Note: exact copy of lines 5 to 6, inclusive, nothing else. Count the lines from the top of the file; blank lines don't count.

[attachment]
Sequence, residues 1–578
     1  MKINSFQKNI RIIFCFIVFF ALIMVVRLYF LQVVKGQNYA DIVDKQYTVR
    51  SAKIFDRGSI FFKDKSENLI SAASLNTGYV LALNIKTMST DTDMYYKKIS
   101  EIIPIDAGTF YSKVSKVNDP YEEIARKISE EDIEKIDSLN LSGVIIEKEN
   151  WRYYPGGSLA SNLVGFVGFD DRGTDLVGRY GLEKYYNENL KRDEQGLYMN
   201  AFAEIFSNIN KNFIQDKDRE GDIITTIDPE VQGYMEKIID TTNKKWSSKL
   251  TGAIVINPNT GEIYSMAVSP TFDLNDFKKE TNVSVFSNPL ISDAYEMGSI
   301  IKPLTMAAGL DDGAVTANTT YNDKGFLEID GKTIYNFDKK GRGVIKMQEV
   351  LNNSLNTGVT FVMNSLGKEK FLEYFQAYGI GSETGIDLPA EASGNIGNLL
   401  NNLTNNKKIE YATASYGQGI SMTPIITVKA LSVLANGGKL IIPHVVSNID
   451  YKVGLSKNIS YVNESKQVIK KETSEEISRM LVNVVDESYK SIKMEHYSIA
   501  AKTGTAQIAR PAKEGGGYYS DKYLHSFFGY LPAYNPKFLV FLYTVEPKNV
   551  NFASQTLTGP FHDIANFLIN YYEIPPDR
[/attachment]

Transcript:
   151  WRYYPGGSLA SNLVGFVGFD DRGTDLVGRY GLEKYYNENL KRDEQGLYMN
   201  AFAEIFSNIN KNFIQDKDRE GDIITTIDPE VQGYMEKIID TTNKKWSSKL